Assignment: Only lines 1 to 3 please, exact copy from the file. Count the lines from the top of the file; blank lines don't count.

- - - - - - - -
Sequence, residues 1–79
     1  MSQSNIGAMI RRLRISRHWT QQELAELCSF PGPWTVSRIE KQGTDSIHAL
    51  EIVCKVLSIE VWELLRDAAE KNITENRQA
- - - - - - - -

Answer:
Sequence, residues 1–79
     1  MSQSNIGAMI RRLRISRHWT QQELAELCSF PGPWTVSRIE KQGTDSIHAL
    51  EIVCKVLSIE VWELLRDAAE KNITENRQA